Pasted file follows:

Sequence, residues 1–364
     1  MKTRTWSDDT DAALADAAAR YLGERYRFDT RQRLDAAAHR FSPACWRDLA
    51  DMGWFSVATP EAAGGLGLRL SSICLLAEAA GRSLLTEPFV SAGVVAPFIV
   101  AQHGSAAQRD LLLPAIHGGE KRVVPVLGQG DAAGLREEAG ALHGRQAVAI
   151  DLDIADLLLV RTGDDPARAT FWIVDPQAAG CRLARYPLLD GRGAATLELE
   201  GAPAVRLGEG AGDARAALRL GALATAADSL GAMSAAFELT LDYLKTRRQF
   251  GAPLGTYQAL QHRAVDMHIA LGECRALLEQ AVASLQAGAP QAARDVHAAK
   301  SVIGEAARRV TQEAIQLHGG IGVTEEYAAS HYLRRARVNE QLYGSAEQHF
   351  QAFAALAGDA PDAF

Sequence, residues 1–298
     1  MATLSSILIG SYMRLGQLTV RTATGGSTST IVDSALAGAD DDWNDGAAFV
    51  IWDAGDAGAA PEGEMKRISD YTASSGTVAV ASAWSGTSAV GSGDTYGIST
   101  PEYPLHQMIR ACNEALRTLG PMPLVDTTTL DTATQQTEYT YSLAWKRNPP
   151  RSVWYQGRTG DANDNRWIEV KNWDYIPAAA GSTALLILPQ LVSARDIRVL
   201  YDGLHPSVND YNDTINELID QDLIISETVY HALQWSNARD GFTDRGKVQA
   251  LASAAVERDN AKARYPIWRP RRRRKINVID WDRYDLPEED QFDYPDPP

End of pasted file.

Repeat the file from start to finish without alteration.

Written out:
Sequence, residues 1–364
     1  MKTRTWSDDT DAALADAAAR YLGERYRFDT RQRLDAAAHR FSPACWRDLA
    51  DMGWFSVATP EAAGGLGLRL SSICLLAEAA GRSLLTEPFV SAGVVAPFIV
   101  AQHGSAAQRD LLLPAIHGGE KRVVPVLGQG DAAGLREEAG ALHGRQAVAI
   151  DLDIADLLLV RTGDDPARAT FWIVDPQAAG CRLARYPLLD GRGAATLELE
   201  GAPAVRLGEG AGDARAALRL GALATAADSL GAMSAAFELT LDYLKTRRQF
   251  GAPLGTYQAL QHRAVDMHIA LGECRALLEQ AVASLQAGAP QAARDVHAAK
   301  SVIGEAARRV TQEAIQLHGG IGVTEEYAAS HYLRRARVNE QLYGSAEQHF
   351  QAFAALAGDA PDAF

Sequence, residues 1–298
     1  MATLSSILIG SYMRLGQLTV RTATGGSTST IVDSALAGAD DDWNDGAAFV
    51  IWDAGDAGAA PEGEMKRISD YTASSGTVAV ASAWSGTSAV GSGDTYGIST
   101  PEYPLHQMIR ACNEALRTLG PMPLVDTTTL DTATQQTEYT YSLAWKRNPP
   151  RSVWYQGRTG DANDNRWIEV KNWDYIPAAA GSTALLILPQ LVSARDIRVL
   201  YDGLHPSVND YNDTINELID QDLIISETVY HALQWSNARD GFTDRGKVQA
   251  LASAAVERDN AKARYPIWRP RRRRKINVID WDRYDLPEED QFDYPDPP